Defining the role of genetic burden in intellectual disability

General Background
This research project focuses on how the combinations of genetic mutations can result in Intellectual Disability.

The overall aims of this project are:
  • Create and apply methods to identify and interpret co-occurring pathogenic variants.
  • Study the phenotypic impact of rare inherited genetic variants associated to intellectual disability using a combination of genetic variant analysis as well as state of the art facial phenotyping.

Project description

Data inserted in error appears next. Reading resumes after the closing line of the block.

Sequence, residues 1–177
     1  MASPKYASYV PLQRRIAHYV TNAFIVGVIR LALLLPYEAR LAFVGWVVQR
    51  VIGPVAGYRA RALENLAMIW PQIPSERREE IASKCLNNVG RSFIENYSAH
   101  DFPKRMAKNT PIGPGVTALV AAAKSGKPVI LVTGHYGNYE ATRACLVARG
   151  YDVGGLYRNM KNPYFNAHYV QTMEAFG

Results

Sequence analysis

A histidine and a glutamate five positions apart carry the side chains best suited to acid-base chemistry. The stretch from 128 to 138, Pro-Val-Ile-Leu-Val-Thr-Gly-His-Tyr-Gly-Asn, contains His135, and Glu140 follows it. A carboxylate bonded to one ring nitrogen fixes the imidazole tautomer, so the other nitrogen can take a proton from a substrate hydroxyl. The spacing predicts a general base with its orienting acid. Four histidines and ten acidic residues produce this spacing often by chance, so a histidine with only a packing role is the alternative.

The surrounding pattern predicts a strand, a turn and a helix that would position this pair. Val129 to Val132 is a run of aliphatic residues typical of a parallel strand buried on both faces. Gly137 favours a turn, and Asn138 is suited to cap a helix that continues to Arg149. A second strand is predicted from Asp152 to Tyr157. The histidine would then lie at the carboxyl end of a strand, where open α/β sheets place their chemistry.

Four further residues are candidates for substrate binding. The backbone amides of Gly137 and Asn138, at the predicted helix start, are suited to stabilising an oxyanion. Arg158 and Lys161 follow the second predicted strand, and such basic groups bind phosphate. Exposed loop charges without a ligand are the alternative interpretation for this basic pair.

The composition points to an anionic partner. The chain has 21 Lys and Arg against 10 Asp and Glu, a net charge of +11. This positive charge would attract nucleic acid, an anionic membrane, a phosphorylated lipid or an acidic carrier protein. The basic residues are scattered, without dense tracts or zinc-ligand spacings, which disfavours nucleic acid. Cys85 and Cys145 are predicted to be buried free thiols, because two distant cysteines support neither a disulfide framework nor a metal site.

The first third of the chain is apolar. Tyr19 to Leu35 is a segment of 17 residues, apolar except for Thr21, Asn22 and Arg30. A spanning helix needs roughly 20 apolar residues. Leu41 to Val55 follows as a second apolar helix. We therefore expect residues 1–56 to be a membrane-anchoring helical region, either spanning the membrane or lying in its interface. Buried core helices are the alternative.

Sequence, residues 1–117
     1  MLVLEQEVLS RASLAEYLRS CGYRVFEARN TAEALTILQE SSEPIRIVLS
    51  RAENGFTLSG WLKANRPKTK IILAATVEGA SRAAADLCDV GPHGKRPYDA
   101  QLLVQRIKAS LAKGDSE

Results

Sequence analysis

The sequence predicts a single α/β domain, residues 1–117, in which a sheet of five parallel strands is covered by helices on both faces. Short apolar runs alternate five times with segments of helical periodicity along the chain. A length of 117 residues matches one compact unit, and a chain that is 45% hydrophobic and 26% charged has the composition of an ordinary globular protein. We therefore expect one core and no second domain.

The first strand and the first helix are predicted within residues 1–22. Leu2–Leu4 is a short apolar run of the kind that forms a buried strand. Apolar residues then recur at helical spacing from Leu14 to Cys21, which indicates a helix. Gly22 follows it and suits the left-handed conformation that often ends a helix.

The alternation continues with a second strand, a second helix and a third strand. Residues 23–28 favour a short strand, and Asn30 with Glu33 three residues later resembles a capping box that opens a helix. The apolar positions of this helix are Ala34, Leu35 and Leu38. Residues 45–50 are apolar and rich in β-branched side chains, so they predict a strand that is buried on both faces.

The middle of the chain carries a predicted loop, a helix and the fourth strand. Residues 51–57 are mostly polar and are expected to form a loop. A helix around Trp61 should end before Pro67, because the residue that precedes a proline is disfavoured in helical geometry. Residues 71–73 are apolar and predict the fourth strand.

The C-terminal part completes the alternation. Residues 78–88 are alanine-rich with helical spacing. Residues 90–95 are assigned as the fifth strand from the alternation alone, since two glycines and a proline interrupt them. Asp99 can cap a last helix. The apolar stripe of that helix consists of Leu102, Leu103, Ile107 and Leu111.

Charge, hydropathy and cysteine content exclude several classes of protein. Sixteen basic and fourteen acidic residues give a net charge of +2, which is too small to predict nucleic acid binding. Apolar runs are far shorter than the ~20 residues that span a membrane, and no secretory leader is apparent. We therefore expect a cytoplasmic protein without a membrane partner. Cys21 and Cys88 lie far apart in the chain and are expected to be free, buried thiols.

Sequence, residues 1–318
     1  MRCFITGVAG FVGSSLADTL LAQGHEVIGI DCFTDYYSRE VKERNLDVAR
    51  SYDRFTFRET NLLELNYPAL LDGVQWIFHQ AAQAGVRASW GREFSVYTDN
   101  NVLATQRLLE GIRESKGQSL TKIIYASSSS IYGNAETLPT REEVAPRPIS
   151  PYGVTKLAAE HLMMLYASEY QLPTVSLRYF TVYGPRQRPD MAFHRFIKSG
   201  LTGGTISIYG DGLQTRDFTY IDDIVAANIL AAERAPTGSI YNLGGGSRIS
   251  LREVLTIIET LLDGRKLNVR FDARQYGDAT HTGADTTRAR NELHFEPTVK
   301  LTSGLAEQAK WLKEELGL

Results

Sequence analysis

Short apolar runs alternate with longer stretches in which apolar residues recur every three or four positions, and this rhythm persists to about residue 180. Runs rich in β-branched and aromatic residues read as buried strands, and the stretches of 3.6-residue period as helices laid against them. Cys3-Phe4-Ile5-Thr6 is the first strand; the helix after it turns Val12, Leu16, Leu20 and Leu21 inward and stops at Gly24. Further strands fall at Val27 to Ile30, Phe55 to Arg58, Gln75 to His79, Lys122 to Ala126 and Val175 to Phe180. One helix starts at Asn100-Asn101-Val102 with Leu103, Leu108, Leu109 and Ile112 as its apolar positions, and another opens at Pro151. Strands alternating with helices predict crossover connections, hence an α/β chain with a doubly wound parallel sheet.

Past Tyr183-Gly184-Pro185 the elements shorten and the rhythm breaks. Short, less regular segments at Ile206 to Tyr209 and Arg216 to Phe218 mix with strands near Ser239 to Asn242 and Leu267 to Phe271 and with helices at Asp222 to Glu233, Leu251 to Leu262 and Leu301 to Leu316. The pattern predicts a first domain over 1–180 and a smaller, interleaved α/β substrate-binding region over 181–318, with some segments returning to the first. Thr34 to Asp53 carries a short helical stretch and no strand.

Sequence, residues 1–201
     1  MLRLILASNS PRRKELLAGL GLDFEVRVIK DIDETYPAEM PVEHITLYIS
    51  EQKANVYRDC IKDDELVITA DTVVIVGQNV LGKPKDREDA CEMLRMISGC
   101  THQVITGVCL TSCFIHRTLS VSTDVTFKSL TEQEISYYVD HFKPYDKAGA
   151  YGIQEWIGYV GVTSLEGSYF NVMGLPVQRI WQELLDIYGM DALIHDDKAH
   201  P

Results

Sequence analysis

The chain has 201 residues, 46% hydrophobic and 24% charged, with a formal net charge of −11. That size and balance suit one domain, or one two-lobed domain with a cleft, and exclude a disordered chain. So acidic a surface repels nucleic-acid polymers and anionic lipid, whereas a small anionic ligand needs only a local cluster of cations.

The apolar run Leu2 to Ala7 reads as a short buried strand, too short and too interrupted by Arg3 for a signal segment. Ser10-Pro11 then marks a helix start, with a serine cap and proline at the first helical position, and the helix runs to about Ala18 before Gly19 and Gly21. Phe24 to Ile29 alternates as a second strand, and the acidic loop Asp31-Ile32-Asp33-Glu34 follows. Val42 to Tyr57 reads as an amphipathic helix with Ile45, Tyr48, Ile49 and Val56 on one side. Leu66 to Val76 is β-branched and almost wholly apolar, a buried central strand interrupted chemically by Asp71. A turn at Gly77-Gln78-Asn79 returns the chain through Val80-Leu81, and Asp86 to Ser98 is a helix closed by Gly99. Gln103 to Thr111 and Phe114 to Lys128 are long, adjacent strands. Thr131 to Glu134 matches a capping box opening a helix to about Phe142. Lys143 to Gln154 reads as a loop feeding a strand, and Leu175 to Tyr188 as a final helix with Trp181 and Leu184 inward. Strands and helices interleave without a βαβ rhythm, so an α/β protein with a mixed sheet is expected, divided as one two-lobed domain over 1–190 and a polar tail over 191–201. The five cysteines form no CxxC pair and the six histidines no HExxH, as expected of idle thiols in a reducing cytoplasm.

Effective genetic diagnosis, and the identification of novel genes causing intellectual disability (ID), is an ongoing task. We have recently shown that rare sporadic de novo genetic mutations cause 56% of severe ID cases and an estimated 2000 genes may be linked to ID. In a further 15% of cases rare inherited mutations are identified which are predicted to be pathogenic, however their role in disease is unclear. Traditionally, genetic studies are based on single-gene or single large variant analyses. However these analysis methods are insufficient for understanding the complicated genetic interactions involved in heterogeneous diseases such as ID with a large mutational target. In pilot data focused on rare duplications and deletions I could predict that 57% of rare inherited deletions and duplications contribute to a patient's phenotype in ID. In addition, an increase in genetic burden results in a more severe patient phenotype, most notably facial dysmorphy. In this project we will systematically investigate the genetic burden in ID patients through combined genomewide analysis of large and small genetic variants. Recent developments in whole exome and genome sequencing now allow such analyses in large cohorts of ID patients. For this we will develop and apply novel data analysis methods to study the impact of co-occurring variants. In a study involving de novo structural variants we have recently shown that 20% of pathogenic genes are involved in a single highly-connected gene network. And that rare genetic variants inherited from apparently unaffected parents can have a significant impact on a patient's phenotype. Understanding fundamental questions surrounding partial penetrance of genomic variants requires detailed study of patient and parent phenotypes. We hypothesize that a significant proportion of ID cases can be explained by a two-hit model in which rare inherited mutations cause ID when co-occurring with another damaging genetic variant affecting the same gene network. At present, the impact of genetic burden in ID is poorly understood due to limitations in data analysis methods and a lack of quantitative phenotypes.

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